Features July 2013 Issue

Give Your Heart Youth By Cutting Calories

Eating less, avoiding processed foods amps heart function.

It may seem like common sense, but recent research has confirmed that people who restrict their caloric intake have hearts that function similar to those who are 20 years younger.


Oatmeal with blueberries for breakfast is a nutritional heart-healthy way to begin your day.

By consuming 30 percent fewer calories than normal and abiding by a healthy diet, researchers found that a key measure of the heart’s ability to pump blood doesn’t decline nearly as rapidly compared to those who follow a Western-diet approach. The study, published in the journal Aging Cell (June 2012) followed 22 practitioners of a calorie-restricted diet whose average age was just over 51. By using portable heart monitors, researchers determined their hearts were better able to adapt to factors such as physical activity and stress compared to those who ate standard “Western” diets.

Overall, the study enforces what the Western diet is known for—convenience that encompasses empty calories, added sugar and trans fatty acids that places the heart at increased risk of disease, says Katherine Patton, Med, RD, CSSD, LD, Clinical Dietitian for the Women’s Cardiovascular Center at Cleveland Clinic. Yet, she explains that while it would be best to avoid all of these evil dietary culprits, incorporating small changes can make a difference in your heart’s performance.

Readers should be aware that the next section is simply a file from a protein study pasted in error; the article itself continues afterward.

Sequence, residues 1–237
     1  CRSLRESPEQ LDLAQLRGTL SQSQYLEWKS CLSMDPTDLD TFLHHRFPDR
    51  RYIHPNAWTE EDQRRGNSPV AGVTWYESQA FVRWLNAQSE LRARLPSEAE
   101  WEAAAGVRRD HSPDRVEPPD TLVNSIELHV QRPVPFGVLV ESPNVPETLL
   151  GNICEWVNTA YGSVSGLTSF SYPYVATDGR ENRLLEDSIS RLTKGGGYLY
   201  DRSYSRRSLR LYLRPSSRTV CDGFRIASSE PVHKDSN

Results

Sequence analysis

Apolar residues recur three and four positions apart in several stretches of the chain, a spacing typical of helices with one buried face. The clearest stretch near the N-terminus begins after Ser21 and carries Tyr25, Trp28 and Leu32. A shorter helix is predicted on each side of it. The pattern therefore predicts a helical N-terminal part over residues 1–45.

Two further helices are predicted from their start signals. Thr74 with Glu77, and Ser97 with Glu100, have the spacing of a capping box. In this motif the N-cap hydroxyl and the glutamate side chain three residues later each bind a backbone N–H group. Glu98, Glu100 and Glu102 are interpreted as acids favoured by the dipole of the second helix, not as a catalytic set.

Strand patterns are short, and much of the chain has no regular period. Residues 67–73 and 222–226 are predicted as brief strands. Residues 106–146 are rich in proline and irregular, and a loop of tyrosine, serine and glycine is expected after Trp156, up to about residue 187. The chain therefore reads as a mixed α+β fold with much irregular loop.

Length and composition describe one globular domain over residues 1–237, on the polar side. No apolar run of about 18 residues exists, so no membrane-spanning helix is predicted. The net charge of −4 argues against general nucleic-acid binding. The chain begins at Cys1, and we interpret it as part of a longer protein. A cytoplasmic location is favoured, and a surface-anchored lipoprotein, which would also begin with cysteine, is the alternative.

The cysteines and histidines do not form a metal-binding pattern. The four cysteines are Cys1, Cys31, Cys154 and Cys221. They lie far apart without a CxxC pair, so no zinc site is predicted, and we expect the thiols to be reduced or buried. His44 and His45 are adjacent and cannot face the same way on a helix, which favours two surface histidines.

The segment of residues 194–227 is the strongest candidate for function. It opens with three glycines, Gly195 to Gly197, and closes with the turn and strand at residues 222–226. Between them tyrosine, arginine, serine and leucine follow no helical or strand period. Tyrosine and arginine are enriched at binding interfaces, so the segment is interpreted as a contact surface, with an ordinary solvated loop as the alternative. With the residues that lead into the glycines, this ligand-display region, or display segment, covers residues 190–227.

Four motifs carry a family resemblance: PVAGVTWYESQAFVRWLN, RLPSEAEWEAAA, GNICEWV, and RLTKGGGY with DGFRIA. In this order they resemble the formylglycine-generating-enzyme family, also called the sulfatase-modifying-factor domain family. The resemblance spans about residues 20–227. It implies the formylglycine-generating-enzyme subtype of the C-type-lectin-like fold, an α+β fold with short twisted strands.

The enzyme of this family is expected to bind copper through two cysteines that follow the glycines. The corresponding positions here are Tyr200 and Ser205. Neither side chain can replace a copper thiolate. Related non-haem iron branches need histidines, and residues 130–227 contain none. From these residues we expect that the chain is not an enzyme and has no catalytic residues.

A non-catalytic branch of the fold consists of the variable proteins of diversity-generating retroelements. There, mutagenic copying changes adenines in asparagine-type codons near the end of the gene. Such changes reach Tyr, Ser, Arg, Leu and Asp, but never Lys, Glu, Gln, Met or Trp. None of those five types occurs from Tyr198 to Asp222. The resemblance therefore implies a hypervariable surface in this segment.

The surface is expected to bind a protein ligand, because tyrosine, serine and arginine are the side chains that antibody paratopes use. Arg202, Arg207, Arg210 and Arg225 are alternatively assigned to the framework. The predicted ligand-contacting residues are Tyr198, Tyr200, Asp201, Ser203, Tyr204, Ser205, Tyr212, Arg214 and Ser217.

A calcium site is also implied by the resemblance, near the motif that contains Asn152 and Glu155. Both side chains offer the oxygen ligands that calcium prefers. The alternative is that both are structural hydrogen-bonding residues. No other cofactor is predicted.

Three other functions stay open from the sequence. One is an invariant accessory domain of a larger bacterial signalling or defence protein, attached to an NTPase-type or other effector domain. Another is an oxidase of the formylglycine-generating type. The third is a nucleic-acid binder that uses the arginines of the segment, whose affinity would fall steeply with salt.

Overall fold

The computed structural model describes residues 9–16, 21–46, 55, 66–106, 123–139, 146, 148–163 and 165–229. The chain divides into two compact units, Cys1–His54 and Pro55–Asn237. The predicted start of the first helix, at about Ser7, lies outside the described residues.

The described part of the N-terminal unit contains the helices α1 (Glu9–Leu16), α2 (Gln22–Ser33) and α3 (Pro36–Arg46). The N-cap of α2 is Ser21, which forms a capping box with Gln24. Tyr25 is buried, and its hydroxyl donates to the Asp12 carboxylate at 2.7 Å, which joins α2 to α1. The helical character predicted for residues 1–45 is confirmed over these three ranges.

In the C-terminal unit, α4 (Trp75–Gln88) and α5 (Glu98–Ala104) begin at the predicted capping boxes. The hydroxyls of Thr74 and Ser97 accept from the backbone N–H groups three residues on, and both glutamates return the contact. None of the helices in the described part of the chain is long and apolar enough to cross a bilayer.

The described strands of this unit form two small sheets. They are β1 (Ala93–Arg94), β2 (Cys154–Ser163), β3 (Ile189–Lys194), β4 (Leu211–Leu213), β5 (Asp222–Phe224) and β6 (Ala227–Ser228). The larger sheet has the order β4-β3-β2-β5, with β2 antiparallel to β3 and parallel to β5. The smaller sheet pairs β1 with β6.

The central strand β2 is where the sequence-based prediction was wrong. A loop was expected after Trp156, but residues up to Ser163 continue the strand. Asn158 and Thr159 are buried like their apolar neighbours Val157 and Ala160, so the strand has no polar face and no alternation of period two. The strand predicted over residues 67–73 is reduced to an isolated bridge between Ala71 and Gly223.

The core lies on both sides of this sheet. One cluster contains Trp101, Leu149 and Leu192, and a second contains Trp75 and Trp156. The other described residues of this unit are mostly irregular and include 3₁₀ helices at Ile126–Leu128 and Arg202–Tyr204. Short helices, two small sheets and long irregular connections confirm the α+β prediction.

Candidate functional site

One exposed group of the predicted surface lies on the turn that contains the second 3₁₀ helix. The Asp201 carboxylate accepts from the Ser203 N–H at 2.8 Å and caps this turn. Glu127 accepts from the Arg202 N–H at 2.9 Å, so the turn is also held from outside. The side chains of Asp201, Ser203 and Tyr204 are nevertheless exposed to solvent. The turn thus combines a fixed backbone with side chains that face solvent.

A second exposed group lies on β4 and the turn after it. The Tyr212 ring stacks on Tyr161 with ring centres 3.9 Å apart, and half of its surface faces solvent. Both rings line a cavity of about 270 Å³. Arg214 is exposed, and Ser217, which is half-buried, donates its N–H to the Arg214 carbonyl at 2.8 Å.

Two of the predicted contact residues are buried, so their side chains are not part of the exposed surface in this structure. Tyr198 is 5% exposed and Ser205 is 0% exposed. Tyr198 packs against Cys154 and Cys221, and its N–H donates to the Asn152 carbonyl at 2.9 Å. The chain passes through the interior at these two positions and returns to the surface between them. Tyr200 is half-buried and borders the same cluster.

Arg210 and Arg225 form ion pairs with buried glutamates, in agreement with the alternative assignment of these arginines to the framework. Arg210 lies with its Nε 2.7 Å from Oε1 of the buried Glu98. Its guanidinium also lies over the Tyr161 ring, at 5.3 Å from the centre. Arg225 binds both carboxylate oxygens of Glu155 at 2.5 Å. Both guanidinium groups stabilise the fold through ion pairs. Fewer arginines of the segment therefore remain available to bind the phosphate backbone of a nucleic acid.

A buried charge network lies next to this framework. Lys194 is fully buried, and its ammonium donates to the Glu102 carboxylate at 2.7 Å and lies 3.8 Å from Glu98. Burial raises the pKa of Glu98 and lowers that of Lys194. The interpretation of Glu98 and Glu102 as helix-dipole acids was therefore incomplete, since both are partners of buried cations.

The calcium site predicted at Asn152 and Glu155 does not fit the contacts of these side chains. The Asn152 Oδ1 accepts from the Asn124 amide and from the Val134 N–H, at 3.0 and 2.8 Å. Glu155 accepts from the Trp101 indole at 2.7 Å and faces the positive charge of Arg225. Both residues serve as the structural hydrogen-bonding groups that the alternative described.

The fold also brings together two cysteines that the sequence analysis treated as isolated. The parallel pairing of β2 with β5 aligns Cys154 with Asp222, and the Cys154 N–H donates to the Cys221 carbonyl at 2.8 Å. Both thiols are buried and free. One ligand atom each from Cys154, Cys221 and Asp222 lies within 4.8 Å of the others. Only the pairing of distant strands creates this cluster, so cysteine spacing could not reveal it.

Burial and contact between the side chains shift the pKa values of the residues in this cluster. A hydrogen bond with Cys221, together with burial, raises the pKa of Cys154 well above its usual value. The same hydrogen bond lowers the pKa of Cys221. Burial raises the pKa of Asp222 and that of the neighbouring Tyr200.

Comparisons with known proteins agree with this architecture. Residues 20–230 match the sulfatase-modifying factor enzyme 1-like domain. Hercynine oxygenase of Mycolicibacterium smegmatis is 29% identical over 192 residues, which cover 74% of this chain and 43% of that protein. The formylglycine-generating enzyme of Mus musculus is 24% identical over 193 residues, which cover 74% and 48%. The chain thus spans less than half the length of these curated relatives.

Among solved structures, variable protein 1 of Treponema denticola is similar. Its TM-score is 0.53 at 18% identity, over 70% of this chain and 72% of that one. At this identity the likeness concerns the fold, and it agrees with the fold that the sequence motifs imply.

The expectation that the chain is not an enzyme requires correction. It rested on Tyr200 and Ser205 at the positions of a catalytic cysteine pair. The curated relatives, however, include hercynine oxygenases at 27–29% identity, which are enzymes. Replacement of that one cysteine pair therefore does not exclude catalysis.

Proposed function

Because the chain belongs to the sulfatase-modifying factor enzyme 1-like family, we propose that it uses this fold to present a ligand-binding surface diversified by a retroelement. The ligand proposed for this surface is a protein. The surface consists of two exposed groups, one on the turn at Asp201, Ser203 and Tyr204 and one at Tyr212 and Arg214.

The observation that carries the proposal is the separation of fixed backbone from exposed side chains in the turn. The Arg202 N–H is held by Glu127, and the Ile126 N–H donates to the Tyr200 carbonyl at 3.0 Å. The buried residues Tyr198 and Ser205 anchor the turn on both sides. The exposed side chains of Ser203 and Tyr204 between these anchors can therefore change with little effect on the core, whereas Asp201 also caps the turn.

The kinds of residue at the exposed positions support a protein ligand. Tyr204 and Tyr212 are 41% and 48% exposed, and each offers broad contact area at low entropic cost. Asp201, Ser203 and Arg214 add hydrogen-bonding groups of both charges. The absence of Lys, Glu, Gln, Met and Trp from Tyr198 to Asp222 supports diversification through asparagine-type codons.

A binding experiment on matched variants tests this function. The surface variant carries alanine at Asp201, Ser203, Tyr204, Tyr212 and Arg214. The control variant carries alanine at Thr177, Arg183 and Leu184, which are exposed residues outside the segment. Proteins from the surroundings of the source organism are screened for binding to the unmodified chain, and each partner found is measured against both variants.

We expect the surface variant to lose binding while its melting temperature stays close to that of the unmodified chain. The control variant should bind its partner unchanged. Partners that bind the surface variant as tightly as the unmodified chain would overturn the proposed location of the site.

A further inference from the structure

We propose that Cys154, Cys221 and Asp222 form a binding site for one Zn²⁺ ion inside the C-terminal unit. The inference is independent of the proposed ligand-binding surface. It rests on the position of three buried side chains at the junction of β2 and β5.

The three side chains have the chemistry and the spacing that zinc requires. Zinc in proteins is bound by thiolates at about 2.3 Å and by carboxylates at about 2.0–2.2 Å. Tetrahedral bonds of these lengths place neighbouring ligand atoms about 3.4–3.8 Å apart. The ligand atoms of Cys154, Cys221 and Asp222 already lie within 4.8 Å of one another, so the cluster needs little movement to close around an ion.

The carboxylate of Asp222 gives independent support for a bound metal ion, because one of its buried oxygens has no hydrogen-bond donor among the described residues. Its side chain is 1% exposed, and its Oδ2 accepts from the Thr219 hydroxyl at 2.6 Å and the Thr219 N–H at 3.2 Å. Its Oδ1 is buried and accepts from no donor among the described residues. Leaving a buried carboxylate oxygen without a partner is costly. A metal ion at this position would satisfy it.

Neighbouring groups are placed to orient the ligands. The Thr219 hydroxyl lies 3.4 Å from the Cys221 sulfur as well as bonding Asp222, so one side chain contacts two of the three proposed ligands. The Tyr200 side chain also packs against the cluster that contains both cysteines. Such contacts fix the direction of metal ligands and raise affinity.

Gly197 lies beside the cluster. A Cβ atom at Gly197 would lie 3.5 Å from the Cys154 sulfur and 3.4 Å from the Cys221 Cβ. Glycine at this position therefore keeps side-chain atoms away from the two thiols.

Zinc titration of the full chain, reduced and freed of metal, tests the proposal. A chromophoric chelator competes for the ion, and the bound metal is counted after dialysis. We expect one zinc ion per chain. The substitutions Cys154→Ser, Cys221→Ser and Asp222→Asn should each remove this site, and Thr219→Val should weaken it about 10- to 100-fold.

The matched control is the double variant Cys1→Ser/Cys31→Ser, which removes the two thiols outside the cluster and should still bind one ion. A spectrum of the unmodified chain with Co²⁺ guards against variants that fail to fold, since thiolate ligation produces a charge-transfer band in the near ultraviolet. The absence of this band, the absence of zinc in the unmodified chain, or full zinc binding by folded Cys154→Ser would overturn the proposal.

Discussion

Benefits of Living with Less
“The number one change to make is to cut back on sugary beverages, such as sodas. Those people who eliminate high-sugar drinks can lose up to one pound per week,” Patton explains. “By incorporating slow, gradual changes to your diet, you’ll be able to benefit over the long term.”

The heart is also empowered by cutting back on processed foods high in fat while increasing protein and good carbohydrates. “Another source of empty calories that is often overlooked is alcohol, which should be kept to a minimum on a daily basis,” says Patton.

Previous studies have shown that laboratory animals with a restricted calorie intake tend to live 30 to 40 percent longer than those that eat standard diets. This theory is now becoming evident in humans as research suggests calorie restriction with optimal nutrition contributes to significant changes in people that are similar to changes seen in animals.

“The effect of an improved diet isn’t seen overnight, but can make a huge difference for your heart’s long-term health,” Patton says.

Western versus Standard Diet: What’s the difference?
The standard, healthy diet, which is endorsed by the Institute of Medicine Dietary Guidelines for Americans (adults, ages 19 and older) is broken down by the following:

- Carbohydrates: 45 – 65 percent of calories
- Protein: 10 – 35 percent of calories
- Fat: 20 – 35 percent of calories

While both the calorie-restricted diet and the Western diet nutrient breakdown falls within these recommendations, the study mentions that refined foods, trans fat and salt were avoided in the calorie-restricted diet, explains Patton. “I would hypothesize that calories were lower in the calorie-restricted diet because they chose nutrient dense foods, which likely provided more fiber to keep them feeling fuller, plus this diet was slightly higher in protein making it more satiating,” she says. “The Western diet contained more empty calories from alcohol, plus more fat without restriction of trans fat, which again is empty calories.”

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